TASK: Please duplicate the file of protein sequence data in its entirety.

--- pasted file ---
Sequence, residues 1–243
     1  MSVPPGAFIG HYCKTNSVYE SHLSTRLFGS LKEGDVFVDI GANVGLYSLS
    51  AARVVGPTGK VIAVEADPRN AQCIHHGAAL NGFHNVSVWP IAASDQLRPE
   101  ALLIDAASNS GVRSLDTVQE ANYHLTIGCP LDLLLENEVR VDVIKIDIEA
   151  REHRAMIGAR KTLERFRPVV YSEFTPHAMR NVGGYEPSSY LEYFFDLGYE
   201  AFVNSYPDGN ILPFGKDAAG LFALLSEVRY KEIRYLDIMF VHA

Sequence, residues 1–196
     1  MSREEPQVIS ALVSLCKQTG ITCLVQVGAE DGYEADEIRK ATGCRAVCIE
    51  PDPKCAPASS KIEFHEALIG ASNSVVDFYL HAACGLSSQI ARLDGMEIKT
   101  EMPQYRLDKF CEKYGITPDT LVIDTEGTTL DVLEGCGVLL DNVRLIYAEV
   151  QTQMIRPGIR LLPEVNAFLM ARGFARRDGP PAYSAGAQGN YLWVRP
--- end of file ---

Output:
Sequence, residues 1–243
     1  MSVPPGAFIG HYCKTNSVYE SHLSTRLFGS LKEGDVFVDI GANVGLYSLS
    51  AARVVGPTGK VIAVEADPRN AQCIHHGAAL NGFHNVSVWP IAASDQLRPE
   101  ALLIDAASNS GVRSLDTVQE ANYHLTIGCP LDLLLENEVR VDVIKIDIEA
   151  REHRAMIGAR KTLERFRPVV YSEFTPHAMR NVGGYEPSSY LEYFFDLGYE
   201  AFVNSYPDGN ILPFGKDAAG LFALLSEVRY KEIRYLDIMF VHA

Sequence, residues 1–196
     1  MSREEPQVIS ALVSLCKQTG ITCLVQVGAE DGYEADEIRK ATGCRAVCIE
    51  PDPKCAPASS KIEFHEALIG ASNSVVDFYL HAACGLSSQI ARLDGMEIKT
   101  EMPQYRLDKF CEKYGITPDT LVIDTEGTTL DVLEGCGVLL DNVRLIYAEV
   151  QTQMIRPGIR LLPEVNAFLM ARGFARRDGP PAYSAGAQGN YLWVRP